I just wanted to tell you about how I tell my kids they are adopted. Have a little story to tell them. I started telling them when they were really little so it gave me time to try it out, to find out what I felt comfortable saying and make sure that I included everything that I wanted to say. The stories have evolved but have solidified into a predictable bedtime story. Sometimes I tell it every night. Then I go through phases where I don’t and then it comes back again. They start as every good story should: Once upon a time there was a beautiful girl named Josephine. You were growing inside of her. She was your birthmom. Daphne doesn’t quite know her’s the way Brett does yet. It is really fun. He knows when I get to the part where I say, “I remember the first time I saw you. I picked you up and I kissed you like this.” He turns one cheek to the side while I kiss it and then turns the other cheek while I kiss it. He loves the part when I say, “One night the phone rang and they said, “your baby boy was born! Your baby boy was born!”
Anyway I think what I want to share with other adoptive families is that I believe in telling my kids their story from the time they are tiny! It has helped me to say the words out loud so that I know how to do it. It is also a special thing to hear about their special story and because I use the same words every night it is familiar and they love it.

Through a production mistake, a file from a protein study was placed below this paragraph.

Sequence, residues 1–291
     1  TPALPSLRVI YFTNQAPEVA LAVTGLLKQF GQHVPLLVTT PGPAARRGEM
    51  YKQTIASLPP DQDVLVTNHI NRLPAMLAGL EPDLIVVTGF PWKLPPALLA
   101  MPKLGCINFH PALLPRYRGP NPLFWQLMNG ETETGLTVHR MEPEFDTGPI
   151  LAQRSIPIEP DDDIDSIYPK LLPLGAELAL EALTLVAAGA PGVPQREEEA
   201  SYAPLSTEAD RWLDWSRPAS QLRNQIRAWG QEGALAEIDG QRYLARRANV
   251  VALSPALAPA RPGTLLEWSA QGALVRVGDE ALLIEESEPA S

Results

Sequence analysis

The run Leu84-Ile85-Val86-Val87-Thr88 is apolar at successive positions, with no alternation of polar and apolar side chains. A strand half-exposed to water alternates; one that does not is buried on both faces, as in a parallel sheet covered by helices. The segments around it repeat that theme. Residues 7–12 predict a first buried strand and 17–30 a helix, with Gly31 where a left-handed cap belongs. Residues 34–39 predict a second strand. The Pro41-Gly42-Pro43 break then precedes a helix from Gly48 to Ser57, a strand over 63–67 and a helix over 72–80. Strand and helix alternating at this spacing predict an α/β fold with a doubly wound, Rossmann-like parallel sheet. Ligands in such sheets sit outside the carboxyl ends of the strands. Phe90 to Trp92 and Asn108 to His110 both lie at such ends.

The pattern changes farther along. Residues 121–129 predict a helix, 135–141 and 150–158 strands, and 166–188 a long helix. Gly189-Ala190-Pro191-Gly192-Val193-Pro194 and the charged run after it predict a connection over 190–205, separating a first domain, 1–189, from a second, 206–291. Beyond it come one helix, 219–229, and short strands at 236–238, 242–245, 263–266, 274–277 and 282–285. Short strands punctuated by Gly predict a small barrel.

My kids who are not adopted have said, “Mom, do I have a story?”.
I hope this helps someone! I also have a few books that I have found that I like. I love You Like Crazy Cakes (Rose Lewis) and Over the Moon (Karen Katz) are about International Adoption but still share the feelings of adoptive parents. I Don’t Have Your Eyes(Carrie Kitze) is probably for transracial families. How I was Adopted (Joanna Cole), Forever Fingerprints (Sherrie Eldridge who is adopted and has written a book for adults called 20 things your Adopted Kids Wish You Knew), And My Adopted Child, There’s No One Like You (Kevin Leman) talk more about the feelings of the adopted child. I love the one by Kevin Leman even though the name doesn’t sound as interesting as the others. I also have the Jamie Lee Curtis book and love it. I always cry 🙂